Experimental and numerical results of LP turbine cascade tests performed to investigate wake interaction effects on boundary layer transition are presented. The data obtained at different inlet flow angles, turbulence levels and Mach numbers are compared and discussed with special focus on low Reynolds number conditions. For the boundary layer, calculated propagation velocities of disturbances are introduced to explain the transition process on the suction side of the blade over time.

Using a moving bar wake generator and surface-mounted hot films as well as surface pressure tappings, the effects of periodic wake passing were studied in the High-Speed Cascade Wind Tunnel on the aft-loaded LPT profile T106. Blade pitch was increased as compared with design point conditions to achieve a higher blade loading. As a result, a large separation bubble formed on the suction side of the surface and allowed unsteady boundary layer development to be studied in great detail. Starting at a characteristic Reynolds number, massive separation occurred on the suction side under steady state conditions, i.e. the boundary layer was unable to reach the back pressure at the trailing edge. By using the wake generator, it was possible to reduce this separation and thus decrease profile pressure losses by 50%.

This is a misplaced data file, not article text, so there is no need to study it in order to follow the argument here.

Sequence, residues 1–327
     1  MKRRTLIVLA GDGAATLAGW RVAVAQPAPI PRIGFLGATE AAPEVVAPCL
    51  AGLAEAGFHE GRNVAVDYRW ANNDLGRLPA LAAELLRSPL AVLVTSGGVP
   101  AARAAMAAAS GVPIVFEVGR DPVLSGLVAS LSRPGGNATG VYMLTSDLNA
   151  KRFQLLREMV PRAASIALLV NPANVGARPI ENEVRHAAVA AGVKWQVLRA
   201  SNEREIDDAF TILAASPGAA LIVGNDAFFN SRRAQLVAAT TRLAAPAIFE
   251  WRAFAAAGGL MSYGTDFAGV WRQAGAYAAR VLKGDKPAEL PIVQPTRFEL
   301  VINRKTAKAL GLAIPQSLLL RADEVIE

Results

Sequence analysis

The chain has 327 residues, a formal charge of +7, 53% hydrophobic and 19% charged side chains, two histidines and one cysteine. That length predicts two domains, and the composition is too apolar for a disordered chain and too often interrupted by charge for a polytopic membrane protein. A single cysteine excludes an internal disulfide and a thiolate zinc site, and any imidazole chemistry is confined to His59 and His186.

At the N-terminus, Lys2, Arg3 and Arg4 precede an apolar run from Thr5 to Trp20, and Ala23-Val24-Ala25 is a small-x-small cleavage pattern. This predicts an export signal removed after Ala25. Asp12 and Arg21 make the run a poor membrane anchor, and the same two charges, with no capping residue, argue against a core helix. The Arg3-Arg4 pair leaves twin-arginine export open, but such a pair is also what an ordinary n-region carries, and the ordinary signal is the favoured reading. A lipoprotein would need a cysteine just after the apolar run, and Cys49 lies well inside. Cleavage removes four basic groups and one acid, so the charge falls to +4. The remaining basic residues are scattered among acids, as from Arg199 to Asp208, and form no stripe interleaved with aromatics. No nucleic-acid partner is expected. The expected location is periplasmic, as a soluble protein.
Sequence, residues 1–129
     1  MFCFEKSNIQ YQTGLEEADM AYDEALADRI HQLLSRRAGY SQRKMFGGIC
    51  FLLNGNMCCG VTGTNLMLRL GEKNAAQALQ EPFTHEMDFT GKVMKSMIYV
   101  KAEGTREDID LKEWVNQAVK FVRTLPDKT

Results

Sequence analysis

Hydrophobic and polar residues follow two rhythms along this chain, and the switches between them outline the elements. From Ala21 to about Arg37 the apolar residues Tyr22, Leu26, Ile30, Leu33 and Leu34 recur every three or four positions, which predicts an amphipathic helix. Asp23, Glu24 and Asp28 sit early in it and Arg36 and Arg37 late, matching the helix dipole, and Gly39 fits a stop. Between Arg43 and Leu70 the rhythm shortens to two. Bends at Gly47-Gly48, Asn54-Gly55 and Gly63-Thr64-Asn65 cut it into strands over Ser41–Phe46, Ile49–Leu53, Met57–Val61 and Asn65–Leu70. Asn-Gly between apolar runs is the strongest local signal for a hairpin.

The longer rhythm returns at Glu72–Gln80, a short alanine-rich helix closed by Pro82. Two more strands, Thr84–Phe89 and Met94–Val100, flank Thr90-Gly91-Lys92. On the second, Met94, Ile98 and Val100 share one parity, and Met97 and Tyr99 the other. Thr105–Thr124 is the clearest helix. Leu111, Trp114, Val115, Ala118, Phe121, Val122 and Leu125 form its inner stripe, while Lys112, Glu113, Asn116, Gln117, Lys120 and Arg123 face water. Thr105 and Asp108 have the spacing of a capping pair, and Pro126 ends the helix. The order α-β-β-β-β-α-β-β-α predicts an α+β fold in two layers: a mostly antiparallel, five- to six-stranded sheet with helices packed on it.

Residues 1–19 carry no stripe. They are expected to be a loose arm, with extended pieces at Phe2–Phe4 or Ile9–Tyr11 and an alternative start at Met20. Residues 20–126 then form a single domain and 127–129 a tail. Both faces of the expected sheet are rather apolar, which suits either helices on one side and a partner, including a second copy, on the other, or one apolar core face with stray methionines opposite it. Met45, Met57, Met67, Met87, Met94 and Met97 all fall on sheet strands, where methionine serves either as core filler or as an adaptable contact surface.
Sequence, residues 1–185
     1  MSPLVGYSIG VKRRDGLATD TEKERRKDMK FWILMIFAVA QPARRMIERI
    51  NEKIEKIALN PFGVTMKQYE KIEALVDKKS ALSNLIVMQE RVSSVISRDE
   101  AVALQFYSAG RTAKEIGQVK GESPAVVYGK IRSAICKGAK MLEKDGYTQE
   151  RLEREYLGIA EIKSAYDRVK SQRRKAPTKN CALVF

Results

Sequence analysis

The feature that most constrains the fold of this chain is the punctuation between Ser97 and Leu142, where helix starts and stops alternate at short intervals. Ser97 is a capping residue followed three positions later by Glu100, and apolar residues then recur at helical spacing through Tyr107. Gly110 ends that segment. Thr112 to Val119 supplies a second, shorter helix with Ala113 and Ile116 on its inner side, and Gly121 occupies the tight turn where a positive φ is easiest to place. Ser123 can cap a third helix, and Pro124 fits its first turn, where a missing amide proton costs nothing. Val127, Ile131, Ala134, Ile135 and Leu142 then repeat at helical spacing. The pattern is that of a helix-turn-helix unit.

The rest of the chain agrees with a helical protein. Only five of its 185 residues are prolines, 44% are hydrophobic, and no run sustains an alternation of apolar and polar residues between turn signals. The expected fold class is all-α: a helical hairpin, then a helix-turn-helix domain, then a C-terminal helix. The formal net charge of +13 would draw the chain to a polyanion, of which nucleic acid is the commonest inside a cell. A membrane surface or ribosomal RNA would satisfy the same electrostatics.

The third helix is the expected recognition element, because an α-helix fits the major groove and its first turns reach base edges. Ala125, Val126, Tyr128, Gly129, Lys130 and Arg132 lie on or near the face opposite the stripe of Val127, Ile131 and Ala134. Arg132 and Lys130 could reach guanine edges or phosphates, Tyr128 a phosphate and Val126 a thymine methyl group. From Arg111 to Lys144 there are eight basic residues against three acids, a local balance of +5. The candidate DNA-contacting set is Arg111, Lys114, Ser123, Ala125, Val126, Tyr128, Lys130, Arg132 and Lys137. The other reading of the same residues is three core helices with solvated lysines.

The primary objective of the study was to provide unsteady ensemble-averaged hot film data together with information on the wake induced path, sufficient for the validation of numerical simulations. Such a simulation of the experiment was conducted using the Unsteady Boundary Layer Interaction Method, which takes into account the influence of boundary layer displacement on the velocity distribution and the time-dependent turbulence level in the outflow. The computations provide a good description of the wall shear stress in the transitional region and are in good agreement with the experimental data. By plotting propagation directions of boundary layer disturbances in space-time diagrams, it is shown that one characteristic direction is deviated around the so-called becalmed region and the temporarily separated region into the wake-induced transitional region.

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